The conflicted living beings: The performative aspect of female bodies’ representations in Saudi painting and photography
Kattan, Lina M.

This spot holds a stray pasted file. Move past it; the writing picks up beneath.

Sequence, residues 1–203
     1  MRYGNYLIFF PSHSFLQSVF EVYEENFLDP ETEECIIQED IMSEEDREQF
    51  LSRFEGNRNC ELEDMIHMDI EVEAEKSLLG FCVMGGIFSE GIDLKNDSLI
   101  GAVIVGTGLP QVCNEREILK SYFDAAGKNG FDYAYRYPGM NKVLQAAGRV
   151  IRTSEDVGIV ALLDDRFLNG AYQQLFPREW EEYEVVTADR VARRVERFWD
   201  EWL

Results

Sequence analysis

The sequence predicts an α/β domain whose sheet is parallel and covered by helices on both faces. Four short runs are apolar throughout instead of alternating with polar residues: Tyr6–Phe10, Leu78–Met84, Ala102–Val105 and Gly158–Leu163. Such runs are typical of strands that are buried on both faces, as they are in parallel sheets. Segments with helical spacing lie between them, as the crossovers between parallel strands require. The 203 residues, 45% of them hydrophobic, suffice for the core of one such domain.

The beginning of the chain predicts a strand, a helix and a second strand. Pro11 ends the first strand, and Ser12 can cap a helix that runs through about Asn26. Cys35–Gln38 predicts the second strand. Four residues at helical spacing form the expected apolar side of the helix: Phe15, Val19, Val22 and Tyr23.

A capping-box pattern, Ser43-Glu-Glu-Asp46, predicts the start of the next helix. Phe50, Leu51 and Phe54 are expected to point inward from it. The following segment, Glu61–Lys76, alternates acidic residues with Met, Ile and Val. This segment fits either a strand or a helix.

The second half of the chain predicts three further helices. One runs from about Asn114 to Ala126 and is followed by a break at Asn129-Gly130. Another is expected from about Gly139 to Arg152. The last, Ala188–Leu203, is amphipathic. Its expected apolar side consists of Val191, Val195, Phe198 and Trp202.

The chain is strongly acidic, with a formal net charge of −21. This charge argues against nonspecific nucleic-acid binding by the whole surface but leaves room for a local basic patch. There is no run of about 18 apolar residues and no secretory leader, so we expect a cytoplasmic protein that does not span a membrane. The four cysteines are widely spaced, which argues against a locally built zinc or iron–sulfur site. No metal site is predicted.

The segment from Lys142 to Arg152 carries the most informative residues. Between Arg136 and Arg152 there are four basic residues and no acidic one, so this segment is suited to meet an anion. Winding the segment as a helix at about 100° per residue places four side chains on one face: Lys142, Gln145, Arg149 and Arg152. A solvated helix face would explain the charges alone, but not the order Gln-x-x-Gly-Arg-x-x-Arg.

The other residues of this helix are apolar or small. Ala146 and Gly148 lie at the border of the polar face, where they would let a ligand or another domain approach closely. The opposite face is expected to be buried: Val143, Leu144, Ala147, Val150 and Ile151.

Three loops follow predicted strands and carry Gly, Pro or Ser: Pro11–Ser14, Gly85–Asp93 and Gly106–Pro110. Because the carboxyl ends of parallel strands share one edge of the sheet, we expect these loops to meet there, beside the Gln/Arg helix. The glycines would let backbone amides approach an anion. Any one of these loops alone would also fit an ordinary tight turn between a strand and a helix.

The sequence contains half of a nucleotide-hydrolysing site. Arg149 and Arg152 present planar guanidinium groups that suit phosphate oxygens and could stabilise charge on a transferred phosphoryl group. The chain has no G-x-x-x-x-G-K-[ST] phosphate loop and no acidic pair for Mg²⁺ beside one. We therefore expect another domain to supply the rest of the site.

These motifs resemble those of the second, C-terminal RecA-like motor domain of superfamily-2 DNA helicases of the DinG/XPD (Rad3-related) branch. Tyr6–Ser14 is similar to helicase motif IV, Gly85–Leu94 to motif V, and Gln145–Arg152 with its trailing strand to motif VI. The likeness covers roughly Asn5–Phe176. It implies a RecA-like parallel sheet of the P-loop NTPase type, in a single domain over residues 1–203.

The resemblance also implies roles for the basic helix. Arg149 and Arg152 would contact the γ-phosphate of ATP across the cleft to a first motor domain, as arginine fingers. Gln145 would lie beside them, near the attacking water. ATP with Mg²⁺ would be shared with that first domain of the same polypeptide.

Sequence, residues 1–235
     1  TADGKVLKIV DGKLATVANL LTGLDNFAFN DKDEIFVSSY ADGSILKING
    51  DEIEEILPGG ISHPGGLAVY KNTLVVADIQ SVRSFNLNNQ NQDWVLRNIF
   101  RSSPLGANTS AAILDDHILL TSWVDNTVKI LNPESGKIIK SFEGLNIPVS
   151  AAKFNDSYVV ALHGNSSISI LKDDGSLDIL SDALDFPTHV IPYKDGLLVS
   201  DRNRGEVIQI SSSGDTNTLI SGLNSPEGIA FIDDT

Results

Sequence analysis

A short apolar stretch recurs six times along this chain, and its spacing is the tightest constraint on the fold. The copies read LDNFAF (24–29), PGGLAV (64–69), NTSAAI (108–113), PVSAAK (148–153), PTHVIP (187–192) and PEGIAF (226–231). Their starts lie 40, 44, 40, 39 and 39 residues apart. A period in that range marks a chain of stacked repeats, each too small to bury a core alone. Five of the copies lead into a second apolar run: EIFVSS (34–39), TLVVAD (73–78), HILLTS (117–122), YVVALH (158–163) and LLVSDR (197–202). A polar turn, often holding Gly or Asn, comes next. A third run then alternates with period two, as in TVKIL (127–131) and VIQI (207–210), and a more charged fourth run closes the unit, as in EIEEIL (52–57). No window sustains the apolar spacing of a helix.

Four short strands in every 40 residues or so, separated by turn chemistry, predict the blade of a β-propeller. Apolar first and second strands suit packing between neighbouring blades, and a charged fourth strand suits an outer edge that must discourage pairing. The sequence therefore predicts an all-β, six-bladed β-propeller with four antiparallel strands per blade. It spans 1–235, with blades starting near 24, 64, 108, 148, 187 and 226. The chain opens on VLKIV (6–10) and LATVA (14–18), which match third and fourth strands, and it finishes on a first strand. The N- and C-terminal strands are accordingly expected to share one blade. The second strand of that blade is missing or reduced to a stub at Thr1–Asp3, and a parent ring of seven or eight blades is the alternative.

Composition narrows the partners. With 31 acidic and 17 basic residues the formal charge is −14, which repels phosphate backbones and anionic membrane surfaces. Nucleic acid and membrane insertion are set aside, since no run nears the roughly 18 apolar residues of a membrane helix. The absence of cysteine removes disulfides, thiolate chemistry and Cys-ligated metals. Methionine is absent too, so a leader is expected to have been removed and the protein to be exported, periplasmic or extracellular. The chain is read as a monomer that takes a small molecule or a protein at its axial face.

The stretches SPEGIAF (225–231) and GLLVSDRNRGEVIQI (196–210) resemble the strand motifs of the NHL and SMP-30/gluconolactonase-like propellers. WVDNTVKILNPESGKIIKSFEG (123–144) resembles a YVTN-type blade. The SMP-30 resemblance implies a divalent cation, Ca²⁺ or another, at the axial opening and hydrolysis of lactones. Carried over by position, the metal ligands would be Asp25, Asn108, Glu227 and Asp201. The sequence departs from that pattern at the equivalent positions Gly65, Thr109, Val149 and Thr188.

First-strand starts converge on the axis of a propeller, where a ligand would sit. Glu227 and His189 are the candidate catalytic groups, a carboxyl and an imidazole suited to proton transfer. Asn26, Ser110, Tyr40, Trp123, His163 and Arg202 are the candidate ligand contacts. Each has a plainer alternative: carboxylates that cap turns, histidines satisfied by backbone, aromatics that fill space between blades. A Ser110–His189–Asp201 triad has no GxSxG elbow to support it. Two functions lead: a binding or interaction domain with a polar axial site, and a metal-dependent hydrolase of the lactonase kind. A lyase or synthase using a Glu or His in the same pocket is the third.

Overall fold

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This dissertation demonstrates how the interrelated concepts of the Real, reality, art, and gender impact values attached to representing female ‘Living Beings’ in contemporary Saudi paintings and photography. This research utilizes qualitative methods to solve problems in studies such as global feminisms, post-Panofskian iconography, and deconstruction. The interdisciplinary nature of this study highlights the intertwined relationships between the visual imagery of Saudi female artists and the religious-based prohibition regarding figuration. Through an analysis of classic and contemporary Islamic scholarly depictions of Living Beings, this study affirms the overlooked interpretations of religious scriptures that permit two-dimensional art, with exceptions of idolatry, nudity, sexuality, and reasons of luxury. This study therefore offers a critical evaluation of Saudi female art after innovatively categorizing Saudi female art into thematic strands. This dissertation investigates how Saudi women artists are challenging the cultural and religious boundaries of the Real. This study advocates that Saudi women artists tend to document shifts in cultural conceptions of identity and civilization, especially in regards to the responsibilities and choices for women. Therefore, Saudi female artists’ works focus on the positivism of that change such as the beneficial aspects of globalization. These women artists tend to utilize experimental techniques through unconventional themes. By re-visiting significant values in their lives, Saudi women can balance Arabian traditions, Saudi cultural heritage, and Islamic identity. Their feminist attitudes stem from the determination to depict an optimistic image of contemporary Saudi women, who are broad-minded and live in a modern world enriched by diversity and unconstrained by outdated traditions.